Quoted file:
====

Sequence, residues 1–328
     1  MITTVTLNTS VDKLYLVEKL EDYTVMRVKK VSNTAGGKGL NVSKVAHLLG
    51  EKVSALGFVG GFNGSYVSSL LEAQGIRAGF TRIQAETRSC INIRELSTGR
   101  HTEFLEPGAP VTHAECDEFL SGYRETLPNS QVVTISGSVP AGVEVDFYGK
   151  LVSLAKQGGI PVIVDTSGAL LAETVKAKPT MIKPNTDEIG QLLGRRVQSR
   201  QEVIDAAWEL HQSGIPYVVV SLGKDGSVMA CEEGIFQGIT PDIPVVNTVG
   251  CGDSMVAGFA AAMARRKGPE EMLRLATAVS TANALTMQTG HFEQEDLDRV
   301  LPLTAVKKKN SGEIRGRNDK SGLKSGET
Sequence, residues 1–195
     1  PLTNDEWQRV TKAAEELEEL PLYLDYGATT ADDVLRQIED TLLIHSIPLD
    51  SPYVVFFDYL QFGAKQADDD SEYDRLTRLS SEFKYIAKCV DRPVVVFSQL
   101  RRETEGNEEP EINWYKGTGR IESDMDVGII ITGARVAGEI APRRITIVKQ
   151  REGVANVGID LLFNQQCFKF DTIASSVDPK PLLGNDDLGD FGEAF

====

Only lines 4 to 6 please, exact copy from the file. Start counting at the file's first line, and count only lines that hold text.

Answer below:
   101  HTEFLEPGAP VTHAECDEFL SGYRETLPNS QVVTISGSVP AGVEVDFYGK
   151  LVSLAKQGGI PVIVDTSGAL LAETVKAKPT MIKPNTDEIG QLLGRRVQSR
   201  QEVIDAAWEL HQSGIPYVVV SLGKDGSVMA CEEGIFQGIT PDIPVVNTVG